- Jimmy John's is testing mobile, tap-and-go payments with a new handheld Verifone touchscreen credit card processor, the company announced in a press release sent to Restaurant Dive. Worldpay told Restaurant Dive it is being piloted in the company's headquarters market in Champaign, Illinois, which includes 40 stores, with plans to expand if successful.
- The payment solution is EMV-grade, meaning it has embedded microprocessor chips that store data and make it more secure. The tech will work with capabilities like Apple Pay and Google Pay Smart Tap.
- The sandwich chain already uses the Worldpay POS system, a merchant-focused processor that runs 40 billion transactions each year. Its in-store POS systems will integrate with online transactions to offer quick in-store service and delivery. Verifone operates 30 million devices in more than 150 countries.
Jimmy John's joins a burgeoning batch of restaurants looking to adopt a payment solution that could provide a faster and more consistent buying experience whether online, through an app or in-store. In the U.K., restaurant patrons tapped 62% more in 2016 than the previous year, a number likely boosted by its use at major quick-service chains including Starbucks, Pret A Manger and delivery app Deliveroo.
While tap-and-go technology has found success overseas in the U.K. — where it overtook traditional chip payments this summer for the first time — its adoption in the U.S. has lagged behind. Restaurants, particularly modern quick-service spots, have just recently started experimenting with cashless models. Starbucks and Shake Shack are testing the idea at select locations, while Sweetgreen now only accepts credit cards or mobile payments. Last year Visa tried to move the needle by targeting restaurants in its incentive program, which offered $10,000 to 50 U.S. small businesses that committed to omitting cash.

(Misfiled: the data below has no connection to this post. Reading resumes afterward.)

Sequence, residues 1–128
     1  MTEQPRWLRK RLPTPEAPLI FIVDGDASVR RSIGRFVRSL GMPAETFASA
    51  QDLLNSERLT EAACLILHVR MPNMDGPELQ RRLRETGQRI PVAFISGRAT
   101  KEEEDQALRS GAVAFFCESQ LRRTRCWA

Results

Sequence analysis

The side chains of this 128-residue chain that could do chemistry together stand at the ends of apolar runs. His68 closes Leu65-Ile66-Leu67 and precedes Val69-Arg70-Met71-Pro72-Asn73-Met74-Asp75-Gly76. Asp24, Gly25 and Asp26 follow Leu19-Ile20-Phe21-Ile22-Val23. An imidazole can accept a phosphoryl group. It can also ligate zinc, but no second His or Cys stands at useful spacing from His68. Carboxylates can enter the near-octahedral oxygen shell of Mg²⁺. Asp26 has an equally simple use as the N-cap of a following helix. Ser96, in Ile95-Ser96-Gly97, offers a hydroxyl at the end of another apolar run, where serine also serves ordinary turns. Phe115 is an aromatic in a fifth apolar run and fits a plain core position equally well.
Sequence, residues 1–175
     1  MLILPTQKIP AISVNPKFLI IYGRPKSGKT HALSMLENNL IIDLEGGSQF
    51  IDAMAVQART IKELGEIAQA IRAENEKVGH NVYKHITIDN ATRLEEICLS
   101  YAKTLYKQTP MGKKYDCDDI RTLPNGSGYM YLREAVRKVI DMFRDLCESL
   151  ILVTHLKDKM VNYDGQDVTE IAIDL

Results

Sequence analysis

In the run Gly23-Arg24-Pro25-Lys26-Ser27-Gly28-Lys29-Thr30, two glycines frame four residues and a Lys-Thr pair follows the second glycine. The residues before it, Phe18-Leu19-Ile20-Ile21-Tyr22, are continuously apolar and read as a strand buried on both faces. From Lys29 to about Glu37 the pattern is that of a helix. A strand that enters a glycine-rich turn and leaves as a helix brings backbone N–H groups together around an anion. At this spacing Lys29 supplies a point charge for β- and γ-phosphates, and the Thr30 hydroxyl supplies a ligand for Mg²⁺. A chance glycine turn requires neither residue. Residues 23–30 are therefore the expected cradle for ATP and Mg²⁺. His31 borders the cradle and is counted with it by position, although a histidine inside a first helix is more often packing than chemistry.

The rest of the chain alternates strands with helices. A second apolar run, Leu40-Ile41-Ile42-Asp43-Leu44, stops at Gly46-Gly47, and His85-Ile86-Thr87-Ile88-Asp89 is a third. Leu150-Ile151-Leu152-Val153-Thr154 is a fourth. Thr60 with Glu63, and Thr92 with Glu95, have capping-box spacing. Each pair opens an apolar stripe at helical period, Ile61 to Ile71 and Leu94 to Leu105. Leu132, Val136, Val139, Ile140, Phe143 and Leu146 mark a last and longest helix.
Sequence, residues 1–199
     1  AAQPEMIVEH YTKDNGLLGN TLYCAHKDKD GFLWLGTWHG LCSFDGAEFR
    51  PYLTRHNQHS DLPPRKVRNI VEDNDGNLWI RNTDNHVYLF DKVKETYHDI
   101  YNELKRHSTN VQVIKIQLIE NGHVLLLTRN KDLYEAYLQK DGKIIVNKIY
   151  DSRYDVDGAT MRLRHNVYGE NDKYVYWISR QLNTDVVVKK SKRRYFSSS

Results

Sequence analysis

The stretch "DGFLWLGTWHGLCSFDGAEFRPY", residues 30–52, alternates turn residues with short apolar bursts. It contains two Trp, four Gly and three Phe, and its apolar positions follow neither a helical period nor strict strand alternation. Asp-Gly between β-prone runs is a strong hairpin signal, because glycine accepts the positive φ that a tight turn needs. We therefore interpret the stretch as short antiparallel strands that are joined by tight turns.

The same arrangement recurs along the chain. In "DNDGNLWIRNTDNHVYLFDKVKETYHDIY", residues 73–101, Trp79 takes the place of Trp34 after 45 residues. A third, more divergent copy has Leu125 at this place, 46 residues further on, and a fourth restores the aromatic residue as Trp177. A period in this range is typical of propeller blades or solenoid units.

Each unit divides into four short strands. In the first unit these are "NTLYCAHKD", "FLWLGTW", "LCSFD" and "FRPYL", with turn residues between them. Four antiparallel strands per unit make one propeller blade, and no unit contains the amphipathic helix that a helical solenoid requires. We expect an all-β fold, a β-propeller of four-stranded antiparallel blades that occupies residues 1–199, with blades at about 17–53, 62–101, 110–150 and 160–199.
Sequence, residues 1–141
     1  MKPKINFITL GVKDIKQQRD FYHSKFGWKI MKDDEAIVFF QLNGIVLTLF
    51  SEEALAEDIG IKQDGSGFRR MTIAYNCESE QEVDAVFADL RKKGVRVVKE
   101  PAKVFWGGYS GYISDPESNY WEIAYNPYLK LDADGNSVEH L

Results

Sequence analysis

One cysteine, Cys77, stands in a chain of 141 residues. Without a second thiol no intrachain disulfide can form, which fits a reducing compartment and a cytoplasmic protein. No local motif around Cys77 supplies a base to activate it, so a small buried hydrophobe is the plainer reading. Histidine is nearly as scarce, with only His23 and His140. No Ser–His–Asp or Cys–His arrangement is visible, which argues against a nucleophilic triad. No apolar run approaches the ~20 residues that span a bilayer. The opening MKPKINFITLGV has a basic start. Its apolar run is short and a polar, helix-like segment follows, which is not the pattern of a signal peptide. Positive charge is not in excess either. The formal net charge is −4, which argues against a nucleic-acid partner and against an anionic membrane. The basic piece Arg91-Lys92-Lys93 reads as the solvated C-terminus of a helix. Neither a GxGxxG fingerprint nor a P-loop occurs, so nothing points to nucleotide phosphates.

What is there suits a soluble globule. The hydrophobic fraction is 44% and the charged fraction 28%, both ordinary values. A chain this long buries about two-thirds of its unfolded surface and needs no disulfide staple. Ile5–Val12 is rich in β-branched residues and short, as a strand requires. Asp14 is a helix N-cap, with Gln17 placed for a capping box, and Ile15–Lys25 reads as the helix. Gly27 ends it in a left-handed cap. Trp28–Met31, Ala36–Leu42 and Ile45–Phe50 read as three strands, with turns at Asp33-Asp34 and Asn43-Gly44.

However, even if more restaurants begin offering cashierless experiences, will consumers in the U.S. use it? New technology often leaves many shoppers wary. Case in point: Walmart's decision in May to end its Scan & Go checkout after low customer use. Mobile wallets likewise haven't caught on here: 36% of retailers accept them as payment, according to a JPMorgan Chase survey, but only 16% of consumers use them, citing security and awareness as barriers.
Restaurants, especially those with wide reach and loyalty, can drive contactless payment growth by offering rewards, discounts or other value-added services for using that form of payment, something Jimmy John's might now consider. In addition, the sandwich chain's existing partnership with Worldpay may make the transition to tap-and-go payments easier. Its "omnichannel" payment system lets customers, for instance, start a payment on their phone and then complete it on their laptop or even on-location — a setup that isn't common in restaurants yet as legacy POS systems still dominate chains.
This kind of frictionless experience has caught plenty of buzz in retail more broadly, too. In a 2016 study from Periscope, a consulting firm, 78% of retailers agreed they presented a dissonant brand experience across platforms, and two-thirds said a consistent identity would increase business online. Retailers cited mismatched or insufficient customer data and back-end disorganization as top challenges, which omnichannel payment solutions claim to ameliorate. Jimmy John’s might hope the test of its new payment technology will provide similar benefits that Starbucks, for example, has enjoyed since launching its in-app payment option.